“I really enjoy playing this position. It gives
me a lot of memories of when I was younger, 10 or 12 years old, (when) I was
playing this position. I really enjoy myself and am happy on the field (in an
attacking role)… I continue to enjoy it and try to progress the best I can
every year. So far it’s good for me.”

Given the fact that Le Toux was featured in a
defensive role before coming to the U.S., you’ll have to excuse followers of
French soccer who may double-take when seeing Le Toux as one of the most
dangerous offensive threats in MLS.

“I can (understand) that a lot of people (in France)
will be surprised that I play forward here,” Le Toux said. “In France I was a
right back. It wasn’t really the position I love to play; it was more my
ability to run, and the coaching staff I got in France put me in this position.
I’m glad I came here and I play forward.”

When the Sounders came into MLS as an expansion side, Schmid decided to employ the club’s first-ever signing as a
wing midfielder most of the time. After the season, Seattle left Le Toux
unprotected in the MLS Expansion Draft.

While Le Toux clearly showed that he belonged in MLS in his relatively
limited playing time last season, in hindsight the role
he was given failed to maximize his talents.

“When coach Sigi Schmid asked me to play more as
a wide midfielder, (there was) not so much freedom like I can have as a
midfielder with Philly,” Le Toux explained. “It’s a little bit different. Maybe
I was a bit nervous when I was playing. I maybe needed a bit more confidence in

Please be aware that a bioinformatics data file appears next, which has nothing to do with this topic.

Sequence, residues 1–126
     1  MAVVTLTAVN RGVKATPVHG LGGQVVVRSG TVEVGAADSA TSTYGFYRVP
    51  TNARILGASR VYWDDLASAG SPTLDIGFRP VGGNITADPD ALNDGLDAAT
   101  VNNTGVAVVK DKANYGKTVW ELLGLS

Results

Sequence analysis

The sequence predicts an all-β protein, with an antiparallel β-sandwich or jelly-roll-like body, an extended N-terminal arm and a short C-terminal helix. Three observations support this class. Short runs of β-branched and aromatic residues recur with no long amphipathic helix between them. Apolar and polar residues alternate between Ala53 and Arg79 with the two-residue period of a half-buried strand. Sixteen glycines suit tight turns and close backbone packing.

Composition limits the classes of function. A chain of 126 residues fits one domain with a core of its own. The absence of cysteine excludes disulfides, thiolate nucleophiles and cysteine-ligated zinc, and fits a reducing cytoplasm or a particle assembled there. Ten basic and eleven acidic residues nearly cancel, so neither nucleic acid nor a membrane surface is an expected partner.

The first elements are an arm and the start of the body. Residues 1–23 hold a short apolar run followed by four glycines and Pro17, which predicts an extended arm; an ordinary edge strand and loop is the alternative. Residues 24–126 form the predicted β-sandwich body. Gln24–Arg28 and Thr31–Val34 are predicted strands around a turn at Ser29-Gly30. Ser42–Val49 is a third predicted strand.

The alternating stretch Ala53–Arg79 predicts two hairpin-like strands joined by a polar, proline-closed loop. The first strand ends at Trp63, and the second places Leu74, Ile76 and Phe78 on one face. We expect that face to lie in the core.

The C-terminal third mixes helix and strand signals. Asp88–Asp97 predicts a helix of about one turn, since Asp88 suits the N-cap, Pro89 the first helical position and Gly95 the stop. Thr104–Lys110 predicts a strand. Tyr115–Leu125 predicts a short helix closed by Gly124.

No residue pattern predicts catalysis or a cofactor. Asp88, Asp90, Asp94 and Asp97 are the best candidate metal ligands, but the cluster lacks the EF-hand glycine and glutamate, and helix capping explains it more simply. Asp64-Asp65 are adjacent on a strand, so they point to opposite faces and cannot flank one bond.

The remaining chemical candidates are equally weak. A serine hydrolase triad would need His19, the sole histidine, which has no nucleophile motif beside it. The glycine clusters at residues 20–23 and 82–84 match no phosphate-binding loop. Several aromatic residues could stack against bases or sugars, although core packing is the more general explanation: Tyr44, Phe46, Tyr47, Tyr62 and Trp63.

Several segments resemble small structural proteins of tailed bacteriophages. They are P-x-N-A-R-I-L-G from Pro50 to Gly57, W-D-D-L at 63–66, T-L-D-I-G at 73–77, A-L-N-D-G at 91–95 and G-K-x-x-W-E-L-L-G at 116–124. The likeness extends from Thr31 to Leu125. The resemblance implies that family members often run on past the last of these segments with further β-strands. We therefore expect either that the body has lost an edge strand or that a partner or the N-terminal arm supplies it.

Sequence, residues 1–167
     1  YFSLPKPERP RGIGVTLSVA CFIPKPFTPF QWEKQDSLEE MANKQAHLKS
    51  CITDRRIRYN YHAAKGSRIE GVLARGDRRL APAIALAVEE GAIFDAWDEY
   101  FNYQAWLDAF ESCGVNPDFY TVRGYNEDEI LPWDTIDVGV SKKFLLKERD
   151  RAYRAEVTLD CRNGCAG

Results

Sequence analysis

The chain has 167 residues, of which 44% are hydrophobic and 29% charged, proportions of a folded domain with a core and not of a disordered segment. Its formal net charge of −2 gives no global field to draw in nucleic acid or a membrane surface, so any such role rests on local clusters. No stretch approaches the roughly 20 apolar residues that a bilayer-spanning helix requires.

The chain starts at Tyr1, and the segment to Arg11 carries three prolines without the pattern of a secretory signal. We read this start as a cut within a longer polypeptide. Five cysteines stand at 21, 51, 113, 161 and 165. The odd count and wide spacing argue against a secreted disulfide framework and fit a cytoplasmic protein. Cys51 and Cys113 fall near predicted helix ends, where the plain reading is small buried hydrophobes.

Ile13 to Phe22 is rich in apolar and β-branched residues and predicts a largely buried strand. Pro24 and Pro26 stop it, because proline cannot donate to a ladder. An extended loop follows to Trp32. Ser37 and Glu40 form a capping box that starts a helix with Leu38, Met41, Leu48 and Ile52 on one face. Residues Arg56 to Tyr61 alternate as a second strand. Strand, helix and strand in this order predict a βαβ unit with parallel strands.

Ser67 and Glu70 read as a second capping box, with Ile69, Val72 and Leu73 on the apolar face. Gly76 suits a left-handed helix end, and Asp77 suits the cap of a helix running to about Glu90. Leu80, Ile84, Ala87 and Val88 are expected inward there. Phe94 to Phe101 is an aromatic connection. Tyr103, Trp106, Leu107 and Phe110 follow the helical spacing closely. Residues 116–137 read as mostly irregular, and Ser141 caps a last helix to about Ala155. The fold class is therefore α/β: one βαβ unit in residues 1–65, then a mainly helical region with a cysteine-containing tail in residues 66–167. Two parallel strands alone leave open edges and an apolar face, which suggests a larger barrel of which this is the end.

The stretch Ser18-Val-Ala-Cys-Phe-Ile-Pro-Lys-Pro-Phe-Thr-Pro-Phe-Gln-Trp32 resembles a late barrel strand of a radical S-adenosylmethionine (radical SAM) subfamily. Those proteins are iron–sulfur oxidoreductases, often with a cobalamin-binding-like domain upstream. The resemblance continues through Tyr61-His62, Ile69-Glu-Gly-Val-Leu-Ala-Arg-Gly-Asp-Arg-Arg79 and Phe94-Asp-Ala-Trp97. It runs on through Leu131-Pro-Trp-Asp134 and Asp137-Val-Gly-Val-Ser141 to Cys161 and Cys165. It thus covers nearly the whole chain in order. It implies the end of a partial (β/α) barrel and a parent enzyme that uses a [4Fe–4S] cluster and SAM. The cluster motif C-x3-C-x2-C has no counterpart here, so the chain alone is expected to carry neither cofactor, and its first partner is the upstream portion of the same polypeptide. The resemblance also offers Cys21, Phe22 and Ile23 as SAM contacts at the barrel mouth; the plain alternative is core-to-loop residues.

myself to know that I could play this position (attacking midfielder).
This year I think (I’m doing) a good job. This year I have more freedom in the
midfield and run everywhere. It’s what I like. I really enjoy playing with my
teammates this year. I try to do my best on the field; it’s what my teammates
like and the coaching staff too.”

What teammates or coaching staff wouldn’t like a
player like Le Toux? Put a different way, what doesn’t the first-time All Star
do? He scores, he distributes, he hustles back on defense, he’s a leader by
example on the pitch and in the locker room, and he fully appreciates the
support of his hometown fans.

"I have been trying to find myself since I
got here to Philadelphia, and by that I mean to mesh with my new teammates,”
said Le Toux. “It has been a great experience. I have enjoyed everything about
being in Philadelphia. This is a team atmosphere here, and I am just happy to
contribute. I think the fans are passionate here, and it's exciting to see them
celebrate after a home win. To have them behind us is great. You feel their
energy when you step on the field."

Le Toux has given the hometown fans plenty to
smile about this season. According to the Union’s leading scorer, they’ve more
than reciprocated.

“It makes me smile every time,” Le Toux said in
response to a fan who called into MLS ExtraTime Radio today asking what it felt
like to hear his name chanted at PPL Park. “I really enjoy it. Every time I’m
on field I try to really give 100 percent. I’m (living) my dream, so I just
enjoy all the time I’m on the field. I know I’m very lucky. So when I have a
chance to hear my name said by all the fans in the stadium…I’m just thankful
for the chance I got so it makes me smile, because everybody says my name very
loud.”

If Le Toux continues to play at the same level he has over the first half of the MLS campaign, the voices chanting his name
will only continue to grow louder. Given his extraordinary work ethic, there’s
no reason to think that he’ll slow down anytime soon.

With Le Toux being joined in MLS by another
Frenchman, Thierry Henry of the New York Red Bulls, some may wonder who will
score more goals the rest of the season.

While laughing, Le Toux offered honestly and
humbly, “I don’t know, we’ll see.”

If you knew just a few months ago that Henry
would be signed, sealed, and delivered to Red Bull Arena, who would’ve given
the Union’s man even a fighting chance?

Didn’t think so. Don’t worry though, it wouldn’t
have been the first time Le Toux’s ability as a premier striker had been
doubted.

Pretty hard to count him out now though, isn't it?